Capsicum (Bell Pepper): De-seeding and trimming – two methods

Capsicum (Bell Pepper): De-seeding and trimming – two methods

The first method is one that I adopted from Jamie Oliver, who demonstrated it on one of his TV shows. It’s fun because you use your hands and tear things! The second method uses a knife and allows for more precision when it comes to slicing and dicing, which is important if you want nice julienne slices or neat dice.

How to De-seed a Capsicum (Bell Pepper) – Method 1

  1. Hold the capsicum in your hand so that the stalk (or more formally the peduncle, see The Anatomy of a Pepper below) is facing you and upright.
  2. Press your thumb straight down between where the peduncle (stalk) meets the capsicum, i.e. at the calyx (see The Anatomy of a Pepper below). Press with the thumbnail part of your thumb (as opposed to the pad of the thumb). You should press through to the inside of the pepper.
  3. Turn the capsicum around and repeat on the opposite side, this should loosen the peduncle/calyx/placenta and it will drop into the cavity of the capsicum. If it doesn’t loosen, then give it a quarter turn and repeat (i.e. press in between the two previous attempts).
  4. If the capsicum has a longer peduncle (stalk), it can be used to pull it back out through the opening. Otherwise proceed to the next step.
  5. Hold the capsicum so that both thumbs rest inside the hole that was left by the peduncle (stalk). Tear the capsicum into two.
  6. Remove the peduncle (if not already removed), calyx, and placenta and discard. Discard any remaining seeds.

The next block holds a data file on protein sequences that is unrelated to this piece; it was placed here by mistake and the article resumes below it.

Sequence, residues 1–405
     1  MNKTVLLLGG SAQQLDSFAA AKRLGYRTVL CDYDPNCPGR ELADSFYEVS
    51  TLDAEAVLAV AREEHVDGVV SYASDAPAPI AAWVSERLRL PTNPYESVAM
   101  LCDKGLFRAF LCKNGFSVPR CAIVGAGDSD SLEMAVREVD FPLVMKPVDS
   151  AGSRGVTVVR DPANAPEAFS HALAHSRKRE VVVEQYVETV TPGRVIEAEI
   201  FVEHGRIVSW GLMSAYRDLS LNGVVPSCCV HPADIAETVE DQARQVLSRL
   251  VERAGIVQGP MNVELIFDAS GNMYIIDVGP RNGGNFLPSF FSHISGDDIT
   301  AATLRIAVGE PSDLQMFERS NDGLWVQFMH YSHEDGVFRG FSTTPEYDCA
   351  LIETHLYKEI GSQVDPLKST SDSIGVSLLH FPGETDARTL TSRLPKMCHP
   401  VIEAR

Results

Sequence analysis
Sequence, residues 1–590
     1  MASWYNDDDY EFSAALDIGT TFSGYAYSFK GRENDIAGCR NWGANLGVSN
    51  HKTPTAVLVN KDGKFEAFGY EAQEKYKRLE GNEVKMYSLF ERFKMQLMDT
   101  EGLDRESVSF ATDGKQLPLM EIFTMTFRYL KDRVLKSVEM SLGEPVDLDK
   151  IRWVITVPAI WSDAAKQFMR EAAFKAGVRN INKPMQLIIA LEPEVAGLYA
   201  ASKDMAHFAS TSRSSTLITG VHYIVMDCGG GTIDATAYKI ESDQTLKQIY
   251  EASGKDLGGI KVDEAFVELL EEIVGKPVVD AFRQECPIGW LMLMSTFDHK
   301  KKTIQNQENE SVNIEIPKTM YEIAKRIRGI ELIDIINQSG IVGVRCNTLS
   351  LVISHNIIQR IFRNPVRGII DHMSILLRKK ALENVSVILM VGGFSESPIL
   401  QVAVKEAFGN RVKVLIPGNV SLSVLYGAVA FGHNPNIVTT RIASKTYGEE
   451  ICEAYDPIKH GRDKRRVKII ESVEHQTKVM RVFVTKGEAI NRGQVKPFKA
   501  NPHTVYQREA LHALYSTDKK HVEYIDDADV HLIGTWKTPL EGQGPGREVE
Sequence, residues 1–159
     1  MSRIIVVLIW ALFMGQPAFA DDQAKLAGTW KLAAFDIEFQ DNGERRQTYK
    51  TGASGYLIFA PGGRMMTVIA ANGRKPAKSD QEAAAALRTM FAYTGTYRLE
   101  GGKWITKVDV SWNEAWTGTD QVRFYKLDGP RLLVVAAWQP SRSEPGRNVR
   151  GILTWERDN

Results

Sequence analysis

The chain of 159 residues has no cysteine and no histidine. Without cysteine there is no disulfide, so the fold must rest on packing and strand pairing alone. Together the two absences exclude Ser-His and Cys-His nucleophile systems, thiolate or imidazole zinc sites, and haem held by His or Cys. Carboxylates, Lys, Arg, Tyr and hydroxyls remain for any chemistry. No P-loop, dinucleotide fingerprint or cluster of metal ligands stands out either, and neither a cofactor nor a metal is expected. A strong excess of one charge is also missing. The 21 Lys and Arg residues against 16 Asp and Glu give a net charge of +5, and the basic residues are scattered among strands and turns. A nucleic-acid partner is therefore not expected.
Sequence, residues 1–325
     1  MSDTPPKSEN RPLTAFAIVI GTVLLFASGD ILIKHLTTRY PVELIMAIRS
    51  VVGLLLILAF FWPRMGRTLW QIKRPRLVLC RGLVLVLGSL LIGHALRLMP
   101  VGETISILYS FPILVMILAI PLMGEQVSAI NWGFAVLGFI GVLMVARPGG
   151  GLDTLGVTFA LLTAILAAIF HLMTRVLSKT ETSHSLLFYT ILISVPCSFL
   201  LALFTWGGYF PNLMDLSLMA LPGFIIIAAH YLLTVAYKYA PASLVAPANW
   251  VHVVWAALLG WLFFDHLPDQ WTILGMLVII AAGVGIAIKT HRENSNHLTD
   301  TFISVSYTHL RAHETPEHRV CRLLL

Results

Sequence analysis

7. Using a sharp knife, carefully fillet the white flesh out (the endocarp) and discard. I tend to slice the capsicum parallel to the white flesh which then makes it easier to fillet.
  8. Continue to prepare the capsicum as required (diced in the example below).

How to De-seed a Capsicum (Bell Pepper) – Method 2

  1. Lie the capsicum on the chopping board so that it’s on its side.
  2. Top and tail the capsicum.
  3. Stand the capsicum upright and slice down on both sides of the white flesh (the endocarp). This should cut out the peduncle, calyx, and placenta from the capsicum.
  4. Using a sharp knife, carefully fillet out any remaining white flesh and discard.
  5. Continue to prepare the capsicum as required (julienned in the example below).

Nerd Notification: Etymology

Capsicum (n.)

Capsicum is the genus name for the plant, the species for the ‘Capsicum’ or Bell Pepper in particular is Capsicum annuum. The origin of ‘Capsicum’ is unknown, though it is possibly from the Latin capsa (n.) meaning “box” due to its shape. ‘Capsicum’ was adopted as the genus name from the writings of Joseph Pitton de Tournefort (a French botanist), who didn’t leave an explanation for the word.1

Pepper (n.)
From Old English pipor. Pipor itself comes from an early West Germanic borrowing of the Latin piper (n.) meaning “pepper” (not referring to the capsicum variety as these are a native of South America). In turn this can be traced back to the Sanskit pippali (“long pepper”). The Latin piper is the source for the German Pfeffer, the Italian pepe, the French poivre, Old Church Slavonic pipru, the Lithuanian pipiras, Old Irish piobhar, and the Welsh pybyr. The use of the term “Pepper” in relation to the capsicum dates from the sixteenth century.2